KETCHIKAN, Alaska — The plain little music room next to the entryway of Tongass School of Arts and Sciences Thursday was aswirl with dancing students singing a song about the aurora borealis.
"If we are shifting colors of swirling light, will we be marching like robots?" music teacher Katie Gaggini asked her fourth-grade class.
The students shook their heads, intent on Gaggini while they waited for their turns to dance in the center of the group with her.
Four or five at a time joined Gaggini in the center of a circle made by the remaining students, raised their hands in the air and gyrated, waving their arms to mimic the undulations of the northern lights.
"Movement has been a big thing this year," Gaggini said.
Gaggini, in her second year teaching music at the school, said she has been striving to loosen up and show the children how to enjoy music and dancing in an instinctive, unselfconscious way.
"I'm your crazy music teacher and we're going to do crazy stuff in here," she said she tries to convey to her students.
Gaggini said she actually has had to teach herself to let go of her own self-consciousness, and told her students that she has had to work to become less so.
"Feeling the music and having fun" is the main focus of her lessons, she said.
"I want them to experiment with what their voices can do," she added, helping them to realize that "it's OK to be silly."
Gaggini is trained in the Orff Schulwerk method of music instruction, and, this past summer, completed her second level of training. That method, according to the organization's website at www.aosa.org, is "based on things children like to do: sing, chant rhymes, clap, dance, and keep a beat on anything near at hand."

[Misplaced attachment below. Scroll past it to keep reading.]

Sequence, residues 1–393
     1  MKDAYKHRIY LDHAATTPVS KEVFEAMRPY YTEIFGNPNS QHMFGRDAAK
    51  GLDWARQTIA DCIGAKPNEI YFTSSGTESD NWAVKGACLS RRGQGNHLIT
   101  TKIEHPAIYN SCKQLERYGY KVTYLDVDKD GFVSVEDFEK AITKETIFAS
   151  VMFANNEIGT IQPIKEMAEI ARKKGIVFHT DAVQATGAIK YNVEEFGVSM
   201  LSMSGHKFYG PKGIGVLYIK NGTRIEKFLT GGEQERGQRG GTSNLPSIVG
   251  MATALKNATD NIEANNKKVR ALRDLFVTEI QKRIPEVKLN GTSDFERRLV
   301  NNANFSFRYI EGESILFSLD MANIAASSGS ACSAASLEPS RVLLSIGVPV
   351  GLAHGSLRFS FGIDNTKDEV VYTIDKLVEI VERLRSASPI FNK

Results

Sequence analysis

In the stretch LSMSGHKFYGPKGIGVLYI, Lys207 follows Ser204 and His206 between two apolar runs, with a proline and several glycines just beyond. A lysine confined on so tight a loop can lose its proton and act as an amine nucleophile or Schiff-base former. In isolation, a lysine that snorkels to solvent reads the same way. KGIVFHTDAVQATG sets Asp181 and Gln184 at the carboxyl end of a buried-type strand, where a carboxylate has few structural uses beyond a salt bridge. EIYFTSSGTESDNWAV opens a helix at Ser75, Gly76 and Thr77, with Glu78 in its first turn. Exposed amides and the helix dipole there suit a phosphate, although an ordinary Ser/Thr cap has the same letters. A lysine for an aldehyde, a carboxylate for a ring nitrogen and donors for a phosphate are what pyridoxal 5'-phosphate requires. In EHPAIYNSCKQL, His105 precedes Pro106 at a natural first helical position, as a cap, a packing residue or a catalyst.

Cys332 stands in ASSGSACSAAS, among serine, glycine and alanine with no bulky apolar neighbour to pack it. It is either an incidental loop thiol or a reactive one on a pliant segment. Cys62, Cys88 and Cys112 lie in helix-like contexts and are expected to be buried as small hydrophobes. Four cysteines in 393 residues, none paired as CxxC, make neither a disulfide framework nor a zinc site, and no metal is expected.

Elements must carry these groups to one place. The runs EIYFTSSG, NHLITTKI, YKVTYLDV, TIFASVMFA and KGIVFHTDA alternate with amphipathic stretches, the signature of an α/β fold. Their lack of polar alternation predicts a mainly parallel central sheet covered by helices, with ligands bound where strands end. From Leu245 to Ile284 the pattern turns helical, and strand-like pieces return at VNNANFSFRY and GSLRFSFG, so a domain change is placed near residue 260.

The idea is to teach children the fundamentals of music the same way that language is taught — by immersion in the sounds and rhythms.
Sharpening the awareness of the subtle differences between rhythms in different types of music is one of Gaggini's goals for her students. For instance, when a half step is removed from a song, she calls their attention to the resulting dissonance, "and the need to resolve."
She said her students are realizing that they are capable of hearing the difference between a major key and a minor key as well.
She said she, as a 24-year-old graduate of music, couldn't improvise without written music in front of her, when she first began to train in the Orff method.
Then, as she practiced listening rather than only reading, as she was used to, she had a "wow" moment and realized, "This is not hard," she said.
She added that she does teach her older students to read music as well.
Gaggini has planned a Winter Coffee House concert for TSAS for Dec. 12 at the Saxman Tribal House.
She has written the music for several songs her classes will perform, she said; for some other pieces, she chose Orff songs from the program's book, and for others she chose poems that she matched with her original music.
Loren McCue, the school's art teacher, is planning backdrops the students will paint to match their songs, Gaggini said.
Gaggini said her program also ties into is Lane Johnson's physical education classes. Johnson also uses music and rhythm for different aspects of his program, Gaggini said.
Students at Tongass School spend a half hour, two times weekly in Gaggini's class. Students also are given the choice to take her special classes in the many "enrichment class" offerings at the school. She just finished a folk-dance series for third- through sixth-graders, Gaggini said.
She also said she is looking forward to taking a group of fifth- and sixth-graders to the Juneau Folk Festival this spring, with Tongass School teacher Matt Olsen.
"I love this school because they're really supportive," Gaggini said.